I'm a full stack developer. I have been hired as the same by my current company. As the company is not that big, my manager wants me to learn dispatch process as there are very few team members for dispatch but I have made it clear that I don't have any interest in changing my field of work. Still indirectly he always kind of pushes me to learn dispatch.

How do I politely say no, because I tried saying I'm not interested and it didn't work.

I'm scared if this conflict could effect my advancement. I have been delivering more than expected in my current projects.

Update: Dispatch process is completely different from development. It involves booking of cars for clients into the system doing follow-ups with clients and drivers for scheduled trips. It's no were near development, it's more of a calling process.

  • 3
    You might ask why he wants you to learn it. There may be an opportunity to automate much of the process, but the first step is to understand the current situation. Dec 3 '21 at 13:39
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    By "dispatch process" do you mean the process of managing the shipment of goods from the company? Do you mean actually doing that process, or writing software to control that process? How different is it from what you are doing? Dec 3 '21 at 15:35
  • 3
    I almost wondered if "dispatch" means something more like a (software) release process? OP can you clarify? Dec 3 '21 at 21:12
  • 1
    is "dispatch" not a server or client software system?
    – Tiger Guy
    Dec 3 '21 at 21:58
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    I fear “dispatch process” might be the process of organising the dispatch of shipments to the customers, so a completely different field to software development. If OP wants to develop software, that might be very bad for their career development.
    – gnasher729
    Dec 4 '21 at 18:20

Based on the edits, the new role the company would like you to perform has nothing to do with software development in any form. Becoming a dispatcher will seriously hinder your career as a software developer. Also dispatchers almost certainly earn a lower salary than a software developer.

Write a letter, or an email, to your boss stating clearly that you have absolutely no wish to change to being a dispatcher, and you decline their offer. Copy it to HR, if your company has one. Keep a copy. Point out that your work as a developer is likely to be more valuable to the company than a dispatcher, and that dispatchers require little training and are easy to hire. Ask your boss to stop asking you about it, as your decision is final.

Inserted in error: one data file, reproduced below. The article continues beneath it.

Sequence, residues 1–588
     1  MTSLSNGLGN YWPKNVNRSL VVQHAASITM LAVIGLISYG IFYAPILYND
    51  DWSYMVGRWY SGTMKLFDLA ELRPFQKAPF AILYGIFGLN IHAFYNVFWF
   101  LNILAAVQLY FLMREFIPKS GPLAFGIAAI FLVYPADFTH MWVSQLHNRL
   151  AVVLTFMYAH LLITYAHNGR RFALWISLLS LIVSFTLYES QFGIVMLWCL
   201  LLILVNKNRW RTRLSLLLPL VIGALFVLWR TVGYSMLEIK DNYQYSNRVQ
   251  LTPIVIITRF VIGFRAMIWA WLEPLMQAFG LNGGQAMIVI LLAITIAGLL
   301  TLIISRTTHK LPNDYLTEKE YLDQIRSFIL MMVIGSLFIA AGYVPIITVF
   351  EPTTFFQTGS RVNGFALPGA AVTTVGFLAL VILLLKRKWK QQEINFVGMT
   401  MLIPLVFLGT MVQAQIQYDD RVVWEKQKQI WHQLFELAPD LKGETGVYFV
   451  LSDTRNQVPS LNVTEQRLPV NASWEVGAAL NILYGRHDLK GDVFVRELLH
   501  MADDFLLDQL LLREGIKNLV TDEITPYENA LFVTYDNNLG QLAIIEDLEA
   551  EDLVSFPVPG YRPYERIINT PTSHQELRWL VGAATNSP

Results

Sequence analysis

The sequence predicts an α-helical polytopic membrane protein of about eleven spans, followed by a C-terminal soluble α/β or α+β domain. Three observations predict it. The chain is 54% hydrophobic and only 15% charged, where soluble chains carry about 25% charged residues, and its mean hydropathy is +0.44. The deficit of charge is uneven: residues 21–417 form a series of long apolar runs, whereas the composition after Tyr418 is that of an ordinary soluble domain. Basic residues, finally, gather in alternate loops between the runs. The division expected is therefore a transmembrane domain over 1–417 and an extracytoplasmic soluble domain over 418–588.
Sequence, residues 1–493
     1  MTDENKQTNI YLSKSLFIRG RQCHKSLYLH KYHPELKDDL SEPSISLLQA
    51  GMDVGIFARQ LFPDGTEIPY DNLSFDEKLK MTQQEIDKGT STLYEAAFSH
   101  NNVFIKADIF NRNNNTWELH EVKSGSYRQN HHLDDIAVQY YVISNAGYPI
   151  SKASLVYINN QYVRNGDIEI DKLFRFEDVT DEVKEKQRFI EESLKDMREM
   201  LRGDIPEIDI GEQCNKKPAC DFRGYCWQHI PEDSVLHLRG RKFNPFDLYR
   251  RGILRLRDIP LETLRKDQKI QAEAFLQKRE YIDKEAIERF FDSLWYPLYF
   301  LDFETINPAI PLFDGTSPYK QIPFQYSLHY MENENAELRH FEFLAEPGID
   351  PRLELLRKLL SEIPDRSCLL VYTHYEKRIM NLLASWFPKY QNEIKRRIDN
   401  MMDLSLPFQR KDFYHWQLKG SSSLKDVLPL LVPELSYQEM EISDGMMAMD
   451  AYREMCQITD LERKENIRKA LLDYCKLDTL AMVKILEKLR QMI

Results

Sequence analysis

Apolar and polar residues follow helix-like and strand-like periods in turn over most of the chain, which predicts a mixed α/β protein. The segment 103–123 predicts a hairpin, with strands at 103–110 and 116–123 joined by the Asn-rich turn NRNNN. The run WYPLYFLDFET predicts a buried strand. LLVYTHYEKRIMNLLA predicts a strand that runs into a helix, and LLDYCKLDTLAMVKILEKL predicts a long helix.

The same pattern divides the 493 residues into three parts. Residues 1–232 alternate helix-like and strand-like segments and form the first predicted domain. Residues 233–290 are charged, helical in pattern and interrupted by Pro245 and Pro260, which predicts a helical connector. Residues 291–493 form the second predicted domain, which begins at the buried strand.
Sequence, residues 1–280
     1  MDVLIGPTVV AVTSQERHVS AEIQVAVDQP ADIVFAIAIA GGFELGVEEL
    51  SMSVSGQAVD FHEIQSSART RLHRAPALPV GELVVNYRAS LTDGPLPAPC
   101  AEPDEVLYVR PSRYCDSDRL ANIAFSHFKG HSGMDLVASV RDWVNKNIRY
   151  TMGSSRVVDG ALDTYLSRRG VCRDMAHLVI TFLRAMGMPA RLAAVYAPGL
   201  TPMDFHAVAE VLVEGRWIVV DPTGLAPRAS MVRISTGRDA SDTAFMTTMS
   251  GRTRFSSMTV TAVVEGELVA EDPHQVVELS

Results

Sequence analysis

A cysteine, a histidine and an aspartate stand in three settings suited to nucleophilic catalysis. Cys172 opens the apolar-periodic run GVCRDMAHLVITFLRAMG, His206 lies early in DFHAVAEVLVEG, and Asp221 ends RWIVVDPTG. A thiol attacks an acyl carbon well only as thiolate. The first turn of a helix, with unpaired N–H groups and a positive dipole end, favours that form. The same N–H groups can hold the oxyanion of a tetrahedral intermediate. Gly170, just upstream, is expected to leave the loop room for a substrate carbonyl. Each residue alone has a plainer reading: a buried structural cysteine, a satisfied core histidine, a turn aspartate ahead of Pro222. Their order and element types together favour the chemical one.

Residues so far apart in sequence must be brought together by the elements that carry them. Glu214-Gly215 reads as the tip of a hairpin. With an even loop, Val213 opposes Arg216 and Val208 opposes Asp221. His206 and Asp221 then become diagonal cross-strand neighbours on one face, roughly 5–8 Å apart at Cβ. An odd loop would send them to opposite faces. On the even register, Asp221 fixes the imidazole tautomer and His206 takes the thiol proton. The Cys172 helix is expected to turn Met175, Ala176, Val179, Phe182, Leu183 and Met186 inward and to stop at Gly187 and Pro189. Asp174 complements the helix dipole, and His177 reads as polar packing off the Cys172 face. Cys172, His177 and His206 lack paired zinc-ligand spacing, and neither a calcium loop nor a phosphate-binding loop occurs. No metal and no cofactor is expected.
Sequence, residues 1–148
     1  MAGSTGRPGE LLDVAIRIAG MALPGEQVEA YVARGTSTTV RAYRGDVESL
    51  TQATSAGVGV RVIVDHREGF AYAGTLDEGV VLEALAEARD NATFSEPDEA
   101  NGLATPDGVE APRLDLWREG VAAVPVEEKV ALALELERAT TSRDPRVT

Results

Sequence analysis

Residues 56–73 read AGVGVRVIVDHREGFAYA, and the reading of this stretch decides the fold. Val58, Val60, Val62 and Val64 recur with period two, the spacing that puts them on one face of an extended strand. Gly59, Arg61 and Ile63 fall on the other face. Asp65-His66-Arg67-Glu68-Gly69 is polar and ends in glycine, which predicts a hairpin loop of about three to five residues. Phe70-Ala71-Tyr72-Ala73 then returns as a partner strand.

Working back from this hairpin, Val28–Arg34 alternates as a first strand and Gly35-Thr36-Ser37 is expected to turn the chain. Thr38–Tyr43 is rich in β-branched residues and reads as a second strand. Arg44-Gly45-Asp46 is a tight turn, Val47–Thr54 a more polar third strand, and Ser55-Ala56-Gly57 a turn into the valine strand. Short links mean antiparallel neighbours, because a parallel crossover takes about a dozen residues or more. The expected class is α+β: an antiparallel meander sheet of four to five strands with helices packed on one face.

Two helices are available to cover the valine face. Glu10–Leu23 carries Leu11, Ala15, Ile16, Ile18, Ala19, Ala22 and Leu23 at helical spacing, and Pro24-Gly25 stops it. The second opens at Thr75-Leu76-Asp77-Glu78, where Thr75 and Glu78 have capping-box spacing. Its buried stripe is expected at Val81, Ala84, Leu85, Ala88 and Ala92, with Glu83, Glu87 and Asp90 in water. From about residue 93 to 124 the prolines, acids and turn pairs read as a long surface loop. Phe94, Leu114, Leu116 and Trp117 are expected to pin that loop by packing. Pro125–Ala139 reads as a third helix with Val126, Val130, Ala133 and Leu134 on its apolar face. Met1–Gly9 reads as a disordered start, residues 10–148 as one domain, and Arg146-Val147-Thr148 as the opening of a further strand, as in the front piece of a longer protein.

Hopefully that will be the end of it. If it is not, and they attempt to force you to take on those duties, consult a lawyer. In every modern and civilized democracy changing your job to something entirely unrelated to what you were hired for is called "constructive dismissal", and if you subsequently resign the law will force the company to treat you as if you had been involuntarily fired, with appropriate compensation. (The US is the exception, not counting as a "modern and civilized democracy" for this purpose.) You should of course start looking for a new job while doing this.

But there's more. This is a strange behaviour from the company. Dispatchers are easy to hire, easy to train, and paid less than a software developer. Why would they want you to switch from software development to dispatcher, while paying you the same? The only reasonable reason I can think of is that they think they won't need a software developer in the future. Start sending out your resume.

  • 1
    I will send out an email saying I would not like to change my field of work to finally end this issue officially.
    – A.Z
    Dec 5 '21 at 19:07
  • 3
    OP is probably too expensive and this is the employers method to try to lower costs. Dec 7 '21 at 13:22
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    About strange behaviour part, I was "demoted" to a machine tending position for half a year, while still keeping my engineer salary as there simply wasn't a job for me to do as an engineer at that moment, but they had plans in the future and didn't want me to leave. But it was clearly stated as temporary
    – Affaltar
    Dec 9 '21 at 9:00

Yes, this absolutely will affect your standing in the company. The company needs to develop some expertise in a different area and they have offered you the opportunity to learn something new presumably at their expense. This is, in my view, a positive for you.

You, on the other hand, are declining. That's your right but there will likely be consequences since you are identifying yourself as a "specialist" and not someone who is interested in helping the company meet its goals. This could likely affect your performance review as well as your advancement opportunities.

In my experience employees who are flexible are much more valuable than those who are not.

  • Company already has expertise but doesn't want to hire a person who would have experience in "dispatch". I'm more than happy to do other tasks which are related to developments database management or even designing, but "dispatch " it is completely different and it wont help me grow my career. If 1 person ends up doing everything it effects the quality of work delivered because there will be alot on the plate believe me I have seen this. Once again I'm happy to help with all developments. I feel I get a say on what i love to do and what i don't.